But how does Carson decide what to buy, and how much to pay, for goods that may have no clear use or established second-hand market? Jambeck, of the University of Georgia—who’s currently conducting a lengthy study of plastic pollution in the Mississippi River—told me she was drawn to the field of municipal solid waste for just this reason. As an environmental engineer, she could be designing drinking water plants, but the metaphysical slipperiness of garbage captivated her. “I was just fascinated because we all don’t define waste the same,” she says. “We know what water is (water’s water). But waste, it’s like the adage, ‘one person’s trash is another’s treasure.’”
Still, there is a liminal zone, a moment, where something is neither trash nor treasure. Repurposing is, at heart, about redefinition. And so mineral oil, destined for use in the artificial insemination industry and exposed to too much heat during transport, can find a second life as a dust suppressant for dirt roads. When a brewer needed to turn around 30,000 pounds of sugar that had passed its sell-by date, Carson put out feelers and netted the sale to a beekeeper. “He said, ‘do you think the bees care it’s expired?’”
Faced with these vagaries in value, Carson relies on a set of algorithmic filters he crunches in his head to inform his buying decisions: “generic, versatile, adaptable.” He doesn’t deal in used pickup trucks because they have a very specific purpose as trucks (as well as an already well-established market). But steel cable is steel cable, even if it’s no longer deemed capable of supporting skiers on a mountain.
When presented with some novel (at least to him) substance or material, however, he relies on a different trinity: attributes, characteristics, engineering. “Is it hollow? Is it magnetic? Is it insulated? Is it UV protective?” he says. He tries to find a story behind the stuff. Ceramic paper isn’t going to excite people, says Carson, but if you tell people it’s used to insulate dishwashers (among many other things), it might spur creative thinking. “Some guy in Nebraska may not be needing to insulate a dishwasher, but he’s got some invention or some farming application or whatever he does in his life,” Carson says.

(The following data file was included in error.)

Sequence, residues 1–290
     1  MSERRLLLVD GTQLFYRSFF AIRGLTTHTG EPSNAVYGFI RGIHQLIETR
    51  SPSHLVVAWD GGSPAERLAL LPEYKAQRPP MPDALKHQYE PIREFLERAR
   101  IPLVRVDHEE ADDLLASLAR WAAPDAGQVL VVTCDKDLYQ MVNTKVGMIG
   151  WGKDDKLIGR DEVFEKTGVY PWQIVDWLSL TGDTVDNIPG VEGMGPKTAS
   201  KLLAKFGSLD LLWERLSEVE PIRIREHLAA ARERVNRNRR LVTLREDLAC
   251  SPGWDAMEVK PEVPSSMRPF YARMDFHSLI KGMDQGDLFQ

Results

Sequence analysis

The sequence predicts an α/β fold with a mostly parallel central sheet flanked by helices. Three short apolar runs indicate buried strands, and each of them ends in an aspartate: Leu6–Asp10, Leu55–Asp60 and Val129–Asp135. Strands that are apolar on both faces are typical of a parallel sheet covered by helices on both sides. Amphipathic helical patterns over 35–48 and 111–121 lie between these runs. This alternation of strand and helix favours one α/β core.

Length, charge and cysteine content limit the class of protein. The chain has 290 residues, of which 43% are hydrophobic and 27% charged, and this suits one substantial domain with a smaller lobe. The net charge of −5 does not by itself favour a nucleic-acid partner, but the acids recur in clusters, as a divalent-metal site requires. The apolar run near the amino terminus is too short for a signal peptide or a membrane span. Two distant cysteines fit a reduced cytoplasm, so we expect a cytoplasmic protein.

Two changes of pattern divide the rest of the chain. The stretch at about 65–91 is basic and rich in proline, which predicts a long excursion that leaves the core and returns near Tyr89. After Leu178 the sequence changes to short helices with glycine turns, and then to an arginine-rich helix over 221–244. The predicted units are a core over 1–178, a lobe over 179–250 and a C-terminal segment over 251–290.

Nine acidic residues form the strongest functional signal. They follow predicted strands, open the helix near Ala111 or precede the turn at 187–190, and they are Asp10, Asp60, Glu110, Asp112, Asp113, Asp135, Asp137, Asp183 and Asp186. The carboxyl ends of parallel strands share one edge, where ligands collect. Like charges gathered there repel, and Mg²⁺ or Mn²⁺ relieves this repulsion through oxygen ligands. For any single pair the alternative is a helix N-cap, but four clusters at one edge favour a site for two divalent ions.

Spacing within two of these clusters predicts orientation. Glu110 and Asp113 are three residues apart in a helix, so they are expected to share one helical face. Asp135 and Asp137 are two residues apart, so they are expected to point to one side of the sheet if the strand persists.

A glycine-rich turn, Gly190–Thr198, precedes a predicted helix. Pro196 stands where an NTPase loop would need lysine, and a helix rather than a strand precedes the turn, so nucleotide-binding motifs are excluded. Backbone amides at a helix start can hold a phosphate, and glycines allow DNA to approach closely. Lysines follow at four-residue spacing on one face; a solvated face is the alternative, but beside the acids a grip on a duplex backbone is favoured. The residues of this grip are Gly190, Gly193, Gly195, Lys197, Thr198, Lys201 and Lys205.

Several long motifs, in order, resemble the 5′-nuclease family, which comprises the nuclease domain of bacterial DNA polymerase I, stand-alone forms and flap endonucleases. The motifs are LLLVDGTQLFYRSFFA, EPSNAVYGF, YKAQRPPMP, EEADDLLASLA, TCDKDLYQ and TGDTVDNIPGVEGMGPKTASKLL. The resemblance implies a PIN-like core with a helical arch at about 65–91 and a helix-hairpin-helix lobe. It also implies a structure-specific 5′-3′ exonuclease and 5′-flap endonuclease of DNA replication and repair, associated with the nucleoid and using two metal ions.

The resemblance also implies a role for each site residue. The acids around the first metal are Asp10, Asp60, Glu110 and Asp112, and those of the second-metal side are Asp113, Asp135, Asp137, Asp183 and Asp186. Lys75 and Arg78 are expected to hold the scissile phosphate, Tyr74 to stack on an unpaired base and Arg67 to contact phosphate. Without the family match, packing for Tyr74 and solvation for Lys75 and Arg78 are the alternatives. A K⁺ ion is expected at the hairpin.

It is no small wonder that so many of Carson’s clients have some link to farming or ranching—“cowboy engineers,” he calls them. “The ethos of repurposing has never gone away from farming,” he says. These people are used to solving problems on their own. “A cowboy in North Dakota goes, ‘you know what, my tractor’s stuck in the mud and that’s a really thick rope, I bet it’ll pull my tractor.’ I don’t need to get some structural engineer to tell me the rope is strong enough to pull my tractor out.”
Maybe the cowboy ethos is catching: Carson is planning to open two new warehouses next year. “Corporate America,” he says, “is becoming increasingly focused on landfill diversion and sustainability, so we’re upping our capabilities.” You never know when the next 44,000-pound spool of 4-inch-thick marine rope might come along, or where it might go.